• Papua New Guinea: The Fire Dance – The Baining tribe makes costumes and dances through the burning embers
  • Pyramids Builders New Clues – Two teams of Egyptologists seek to learn more about the ancient pyramid builders
  • Remains: The Search for SFC Samuel J. Padgett – An attempt to recover a soldier’s body from Vietnam jungles
  • The Ring People – Shell rings litter the South Carolina coast, remnants of a society that scientists hope to understand
  • River of Treasures – Researchers trace the lost treasures of Warsaw through history, chasing the thrill of rediscovery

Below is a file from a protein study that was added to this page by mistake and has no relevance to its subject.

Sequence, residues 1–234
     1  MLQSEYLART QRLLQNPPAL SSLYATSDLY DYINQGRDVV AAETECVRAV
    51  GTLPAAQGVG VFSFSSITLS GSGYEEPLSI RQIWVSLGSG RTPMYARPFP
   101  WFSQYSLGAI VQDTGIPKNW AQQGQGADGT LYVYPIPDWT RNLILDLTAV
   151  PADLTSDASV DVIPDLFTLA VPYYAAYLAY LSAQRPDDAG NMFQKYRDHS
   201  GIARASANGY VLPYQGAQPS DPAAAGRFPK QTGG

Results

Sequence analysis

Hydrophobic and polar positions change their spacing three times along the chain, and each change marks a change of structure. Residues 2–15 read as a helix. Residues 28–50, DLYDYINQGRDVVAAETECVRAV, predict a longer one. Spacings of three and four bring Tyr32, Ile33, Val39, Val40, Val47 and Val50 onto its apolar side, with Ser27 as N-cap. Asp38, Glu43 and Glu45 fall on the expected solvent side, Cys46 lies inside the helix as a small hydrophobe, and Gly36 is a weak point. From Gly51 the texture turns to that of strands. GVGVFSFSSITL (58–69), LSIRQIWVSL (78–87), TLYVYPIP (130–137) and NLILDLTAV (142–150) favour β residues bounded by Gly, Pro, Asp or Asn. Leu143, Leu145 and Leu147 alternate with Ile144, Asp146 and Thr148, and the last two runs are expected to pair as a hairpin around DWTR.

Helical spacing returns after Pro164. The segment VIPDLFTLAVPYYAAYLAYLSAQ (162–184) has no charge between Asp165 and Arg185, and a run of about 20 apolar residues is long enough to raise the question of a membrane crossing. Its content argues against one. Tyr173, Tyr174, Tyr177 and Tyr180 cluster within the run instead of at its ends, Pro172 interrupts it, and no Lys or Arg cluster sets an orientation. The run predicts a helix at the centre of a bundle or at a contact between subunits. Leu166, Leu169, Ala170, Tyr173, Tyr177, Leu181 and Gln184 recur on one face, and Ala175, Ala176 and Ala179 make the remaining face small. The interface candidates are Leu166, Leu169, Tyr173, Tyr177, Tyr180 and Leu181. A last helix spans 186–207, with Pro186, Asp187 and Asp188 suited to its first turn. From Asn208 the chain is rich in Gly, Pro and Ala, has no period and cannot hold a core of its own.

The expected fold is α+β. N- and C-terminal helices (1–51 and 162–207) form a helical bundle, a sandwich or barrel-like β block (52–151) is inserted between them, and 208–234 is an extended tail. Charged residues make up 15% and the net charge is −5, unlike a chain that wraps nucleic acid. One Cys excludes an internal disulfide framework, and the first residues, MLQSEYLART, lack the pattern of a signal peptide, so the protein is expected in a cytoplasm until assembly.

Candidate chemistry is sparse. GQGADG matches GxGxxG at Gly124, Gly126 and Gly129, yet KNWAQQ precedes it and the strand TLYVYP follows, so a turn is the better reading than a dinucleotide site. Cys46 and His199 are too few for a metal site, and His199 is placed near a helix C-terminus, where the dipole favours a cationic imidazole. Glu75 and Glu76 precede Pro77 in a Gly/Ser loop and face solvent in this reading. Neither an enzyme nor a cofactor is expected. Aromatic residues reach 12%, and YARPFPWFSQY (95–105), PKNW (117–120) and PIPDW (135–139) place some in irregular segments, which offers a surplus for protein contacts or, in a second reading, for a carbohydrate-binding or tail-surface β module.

• Samurai in the Oregon Sky – Japanese pilot Nobuo Fujita finds peace with the town he once bombed during WWII
  • Saving Places – The staff and volunteer crews of HistoriCorps work to preserve threatened structures on public lands
  • Stout Hearted: George Stout and the Guardians of Art – A high-stakes race to protect art from Nazi hands
  • Theirstory – Re-evaluating the attitude about gender in human history, the focus shifts to the other half of the story
  • Vars – The history of the Veresk bridge brings into question its usefulness and place in modern transportation in Iran
  • Versailles Rediscovered: The Sun King’s Vanished Palace – The Palace of Versailles through digital imagery
  • We, the Voyages: Our Vaka – Pacific voyagers tell their story through the recreation of their ancestral sailing
  • Yam Festival, Ghana – A closer look at the music, dancing, feasting, and local crafts of the “Te Za” Yam Festival